Materials and Methods
Classic modeling of infectious diseases assumes that the population is well-mixed. However, this assumption is unrealistic for many diseases with spatial spread patterns. Here we first describe the dynamics of classical SIR models through an inhomogeneous Poisson process and then formulate a new stochastic network model that explicitly considers the geographical structure to capture the temporal-spatial dynamics of infectious disease spread in heterogeneous populations.
Poisson process for modeling the dynamics of classical SIR models
There is no analytic solution to solve SIR-type dynamics without making approximations. To model the dynamics in continuous time, the discrete-time models are often used with a given time interval . Let , , and be discrete random variables for the number of susceptible, infected, and recovered individuals at time . Using the Euler method, the SIR model for the sub-population can be rewritten as three equations: (4)
In , , the progression of disease spread is characterized by tracking the number of with a chain binomial model. The number of susceptible members ( represents the infectious period of the disease and is always chosen to be ) at time is a binomial random variable that depends on and , , which provides a recursive relationship between and and produces a formal stochastic process. We use an alternative approach to model the dynamics of infectious disease spread. In an epidemic outbreak, the number of new infections during a time interval is of major concern. Let be the number of new infections between time and time . Let be the probability that a contact between a susceptible and an infected individual results in a new infection and is the average number of susceptible members to whom an infected individual may spread the disease at time . The infectious individuals are assumed to infect susceptible members only at time . After that time, they are no longer infectious. This is reasonable because patients, once confirmed as infected, will have much less possibilities to spread the disease since they may start the treatment, take rest at home, adopt some measure to prevent the disease spread (such as wearing a face mask outside), or be quarantined. With this assumption, we have the following proposition.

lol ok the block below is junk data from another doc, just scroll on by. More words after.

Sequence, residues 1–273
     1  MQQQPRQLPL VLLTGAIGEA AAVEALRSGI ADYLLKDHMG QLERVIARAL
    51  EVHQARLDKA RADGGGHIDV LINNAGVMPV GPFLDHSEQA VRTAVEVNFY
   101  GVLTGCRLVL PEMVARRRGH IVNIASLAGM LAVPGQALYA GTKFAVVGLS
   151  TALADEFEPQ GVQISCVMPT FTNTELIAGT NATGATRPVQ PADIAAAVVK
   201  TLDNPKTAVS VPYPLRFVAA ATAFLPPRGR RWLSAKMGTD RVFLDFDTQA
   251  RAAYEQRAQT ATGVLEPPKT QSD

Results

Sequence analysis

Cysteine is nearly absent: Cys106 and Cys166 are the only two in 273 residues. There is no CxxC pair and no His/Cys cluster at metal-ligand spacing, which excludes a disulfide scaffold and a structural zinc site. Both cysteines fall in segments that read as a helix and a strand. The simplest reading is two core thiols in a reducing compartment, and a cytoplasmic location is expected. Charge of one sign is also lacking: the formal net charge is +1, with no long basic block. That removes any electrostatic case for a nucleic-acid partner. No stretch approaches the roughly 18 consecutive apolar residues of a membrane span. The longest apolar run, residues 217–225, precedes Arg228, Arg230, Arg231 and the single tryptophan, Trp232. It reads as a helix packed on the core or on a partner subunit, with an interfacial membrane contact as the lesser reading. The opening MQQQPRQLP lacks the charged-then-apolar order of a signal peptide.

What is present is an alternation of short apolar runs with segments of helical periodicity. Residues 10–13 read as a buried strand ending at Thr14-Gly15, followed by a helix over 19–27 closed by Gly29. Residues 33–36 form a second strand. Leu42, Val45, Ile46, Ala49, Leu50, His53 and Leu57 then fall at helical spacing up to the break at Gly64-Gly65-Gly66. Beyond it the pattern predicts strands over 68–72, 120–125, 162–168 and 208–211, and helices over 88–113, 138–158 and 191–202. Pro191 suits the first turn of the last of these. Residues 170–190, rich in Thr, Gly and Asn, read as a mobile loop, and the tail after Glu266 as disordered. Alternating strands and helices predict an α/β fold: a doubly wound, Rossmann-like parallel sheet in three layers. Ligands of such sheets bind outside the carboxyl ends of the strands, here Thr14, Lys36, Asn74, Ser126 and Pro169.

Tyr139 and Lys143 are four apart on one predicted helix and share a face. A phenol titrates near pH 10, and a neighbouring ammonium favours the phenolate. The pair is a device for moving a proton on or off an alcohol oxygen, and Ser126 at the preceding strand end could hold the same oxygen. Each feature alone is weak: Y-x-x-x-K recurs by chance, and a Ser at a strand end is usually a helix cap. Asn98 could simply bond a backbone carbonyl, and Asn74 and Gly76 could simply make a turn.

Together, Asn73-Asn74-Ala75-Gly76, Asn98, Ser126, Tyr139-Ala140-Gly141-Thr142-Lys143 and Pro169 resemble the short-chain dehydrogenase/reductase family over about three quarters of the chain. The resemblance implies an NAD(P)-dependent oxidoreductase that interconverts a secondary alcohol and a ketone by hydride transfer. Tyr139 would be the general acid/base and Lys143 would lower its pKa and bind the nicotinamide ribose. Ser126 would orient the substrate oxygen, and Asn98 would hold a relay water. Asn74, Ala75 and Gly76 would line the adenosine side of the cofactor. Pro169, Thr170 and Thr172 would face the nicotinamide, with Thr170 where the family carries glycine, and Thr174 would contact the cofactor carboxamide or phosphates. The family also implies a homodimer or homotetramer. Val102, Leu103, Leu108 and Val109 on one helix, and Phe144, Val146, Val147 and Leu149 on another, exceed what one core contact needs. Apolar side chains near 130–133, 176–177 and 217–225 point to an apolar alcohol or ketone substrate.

(7)Proof: Given one infected person and one person in the population, the probability they meet each other is . Then the probability that the contact results in an infection is . Given the infected person, the number of new infected people in is . Since is large, is very small, and is finite, we can approximate with . Because , we get that given one infected person, the number of new infected people follows . Then given infections at time , the number of new infections (assume the social contacts of infected people are independent of each other).
The above equation (Eq.(7)) defines an inhomogeneous Poisson process - a stochastic counting process characterized by an intensity function . It has an advantage over the chain binomial models in the dynamic modeling of infectious disease spread. In the chain binomial models, varying the selection of can distort the dynamic patterns . In contrast, the Poisson distribution can be freely adjusted with respect to without affecting the stochastic process due to the Poisson property. Motivated by this advantage, we propose a new stochastic network model of infectious disease spread.
Network modeling of infectious disease spread